mature aged employment

Why employ a mature aged candidate

by Gabi Anderson Courtney

Job seekers over 40 find it more difficult to secure employment than the younger generation. If you're over 50, your chances are quite slim to be the successful candidate when applying for any job. The only exception would be trying to secure a senior management position with a high profile national or global company, where experience is king.

Why do employers are looking at the younger generation while disregarding the mature aged candidates? Well, a lot of companies want to employ on long term basis. The assumption is that at one point everyone wants to retire, and employers are afraid that they will not get enough mileage out of the new asset. 

The older generation is not as tech-savvy as the younger one, and managers do get concerned that they will have to invest a lot of additional time and effort to bring the new mature aged employee up to speed. Some of them might not even be able to grasp the concept that the majority of the work they will have to do is done digitally, without paper.

In my many years working in HR, once I had to deal with an employee who I had to allocate a full day of training on how to use the GPS. At a different company, a high achieving employee has resigned due to the introduction of electronic time-sheets that had to be submitted from a mobile phone or a computer. She could not, and did not want to move with the times.

These are extreme circumstances, but they do happen.

And on rare occasions, some people are afraid that an older team member will not fit in the culture, where the majority of employees are young.

Knowing from experience, all these concerns can be put to rest at the job interview.

It pays to mention up front that the position on offer is a long term one, and discuss it honestly what the expectations are.

You cannot ask a candidate directly if they plan to retire in the near future, but you can certainly ask if successful, are they willing to sign a contract for, let's say two years.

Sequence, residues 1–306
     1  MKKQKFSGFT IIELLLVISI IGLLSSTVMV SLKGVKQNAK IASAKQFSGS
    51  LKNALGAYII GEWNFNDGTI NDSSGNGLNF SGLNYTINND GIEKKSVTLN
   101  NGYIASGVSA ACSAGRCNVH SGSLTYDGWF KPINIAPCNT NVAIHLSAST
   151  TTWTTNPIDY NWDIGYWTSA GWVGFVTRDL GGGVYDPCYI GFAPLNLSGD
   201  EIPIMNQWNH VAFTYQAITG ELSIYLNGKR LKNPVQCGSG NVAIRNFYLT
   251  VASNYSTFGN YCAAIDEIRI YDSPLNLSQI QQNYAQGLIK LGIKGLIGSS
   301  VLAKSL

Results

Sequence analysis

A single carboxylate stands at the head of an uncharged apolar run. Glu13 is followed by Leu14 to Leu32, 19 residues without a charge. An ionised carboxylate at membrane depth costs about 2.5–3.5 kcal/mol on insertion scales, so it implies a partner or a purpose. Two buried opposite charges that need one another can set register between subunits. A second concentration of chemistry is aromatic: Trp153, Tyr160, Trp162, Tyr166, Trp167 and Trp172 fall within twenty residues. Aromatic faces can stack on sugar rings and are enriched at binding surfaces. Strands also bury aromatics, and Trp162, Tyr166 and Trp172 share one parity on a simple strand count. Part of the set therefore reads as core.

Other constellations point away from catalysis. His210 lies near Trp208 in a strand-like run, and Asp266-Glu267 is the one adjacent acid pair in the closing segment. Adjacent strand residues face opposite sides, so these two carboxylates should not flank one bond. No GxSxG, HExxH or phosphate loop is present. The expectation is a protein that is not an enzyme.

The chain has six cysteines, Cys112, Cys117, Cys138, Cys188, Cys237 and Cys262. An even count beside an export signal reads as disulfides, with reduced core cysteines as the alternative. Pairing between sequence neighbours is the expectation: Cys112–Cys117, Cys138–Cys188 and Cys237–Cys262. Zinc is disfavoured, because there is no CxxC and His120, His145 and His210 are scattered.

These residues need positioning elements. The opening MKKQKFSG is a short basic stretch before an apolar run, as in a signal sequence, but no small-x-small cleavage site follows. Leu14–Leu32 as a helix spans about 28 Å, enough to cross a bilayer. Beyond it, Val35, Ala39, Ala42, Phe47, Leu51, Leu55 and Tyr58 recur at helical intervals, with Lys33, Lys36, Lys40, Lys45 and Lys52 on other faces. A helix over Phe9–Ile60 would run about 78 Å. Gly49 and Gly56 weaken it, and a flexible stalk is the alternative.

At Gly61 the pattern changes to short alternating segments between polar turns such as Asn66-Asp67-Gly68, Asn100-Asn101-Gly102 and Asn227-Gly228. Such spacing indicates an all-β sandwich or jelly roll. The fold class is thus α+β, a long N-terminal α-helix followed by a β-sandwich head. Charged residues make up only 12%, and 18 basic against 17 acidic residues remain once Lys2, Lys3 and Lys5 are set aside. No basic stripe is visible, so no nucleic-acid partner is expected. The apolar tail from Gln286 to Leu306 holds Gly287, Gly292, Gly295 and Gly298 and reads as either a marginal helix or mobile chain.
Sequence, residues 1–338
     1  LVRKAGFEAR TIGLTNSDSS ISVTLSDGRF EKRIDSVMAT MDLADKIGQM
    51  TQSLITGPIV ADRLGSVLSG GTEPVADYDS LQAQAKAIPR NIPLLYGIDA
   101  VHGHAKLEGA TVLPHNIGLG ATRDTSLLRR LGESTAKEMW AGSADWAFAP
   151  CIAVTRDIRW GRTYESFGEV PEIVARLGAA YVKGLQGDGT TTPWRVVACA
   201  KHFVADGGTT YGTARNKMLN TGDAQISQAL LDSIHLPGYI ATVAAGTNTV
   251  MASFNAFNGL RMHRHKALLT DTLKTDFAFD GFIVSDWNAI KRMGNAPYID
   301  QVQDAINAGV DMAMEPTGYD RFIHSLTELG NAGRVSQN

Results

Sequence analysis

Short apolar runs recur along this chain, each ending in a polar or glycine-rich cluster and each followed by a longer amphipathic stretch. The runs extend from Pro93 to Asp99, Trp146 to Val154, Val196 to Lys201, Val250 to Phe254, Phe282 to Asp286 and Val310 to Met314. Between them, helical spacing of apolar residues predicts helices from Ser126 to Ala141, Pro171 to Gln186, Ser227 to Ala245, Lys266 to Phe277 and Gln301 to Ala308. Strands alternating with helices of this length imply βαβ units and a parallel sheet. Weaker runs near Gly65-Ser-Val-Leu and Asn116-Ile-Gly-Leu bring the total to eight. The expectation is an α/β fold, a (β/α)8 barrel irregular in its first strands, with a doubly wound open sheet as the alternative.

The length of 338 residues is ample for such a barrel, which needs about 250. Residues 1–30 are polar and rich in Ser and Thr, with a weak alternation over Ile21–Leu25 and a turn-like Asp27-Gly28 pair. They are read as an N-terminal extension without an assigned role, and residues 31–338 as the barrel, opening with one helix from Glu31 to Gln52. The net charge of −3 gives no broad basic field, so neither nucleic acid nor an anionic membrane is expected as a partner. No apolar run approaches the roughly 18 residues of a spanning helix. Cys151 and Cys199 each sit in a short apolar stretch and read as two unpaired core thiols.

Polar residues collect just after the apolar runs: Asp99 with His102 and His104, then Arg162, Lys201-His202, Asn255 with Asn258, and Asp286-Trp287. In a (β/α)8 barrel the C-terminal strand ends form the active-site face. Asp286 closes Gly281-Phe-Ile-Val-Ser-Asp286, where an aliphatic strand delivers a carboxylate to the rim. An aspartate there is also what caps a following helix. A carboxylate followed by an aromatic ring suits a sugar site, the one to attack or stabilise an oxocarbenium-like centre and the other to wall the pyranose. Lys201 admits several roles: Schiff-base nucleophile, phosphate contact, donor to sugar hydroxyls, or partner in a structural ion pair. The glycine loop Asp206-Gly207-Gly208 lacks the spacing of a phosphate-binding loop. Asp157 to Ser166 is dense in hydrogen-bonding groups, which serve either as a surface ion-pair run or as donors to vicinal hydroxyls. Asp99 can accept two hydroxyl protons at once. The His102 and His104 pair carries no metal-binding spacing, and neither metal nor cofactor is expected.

The truth is, there is no guarantee, no matter what the age of the candidate is, that they will stick around for a long time. If you want them to stay, you will have to treat them accordingly.

If the job is in strong connection with being tech-savvy, include a short test in the job interview. Advise the candidate that they will be required to show their experience in the particular technology that is required for the job, let it be a software program or anything else. If you are interviewing a variety of age groups, it is essential that everyone does the test and no one is singled out on age or any other criteria. I have experienced on numerous occasions in the past, a resume stating that a candidate is an "expert" with a particular software, while not even recognizing the program's icon on the desktop.

When thinking about culture, and how someone from a very different age group will fit in within the team, just think of the job interview. Were they at ease when you advised them about the team? Were they easy to talk to? Did they seem ok with that they might have to report to someone younger?

Mature aged candidates bring a lot to the table; experience, connections, a fresh pair of eyes, and passion. Many of them put their heart and soul into what they do. In some cases, it is what keeps them motivated, passionate and alive - coming to work every day, making a difference and being part of a team. You will never know what diamond you found in the dirt until you pick it up and have a closer look.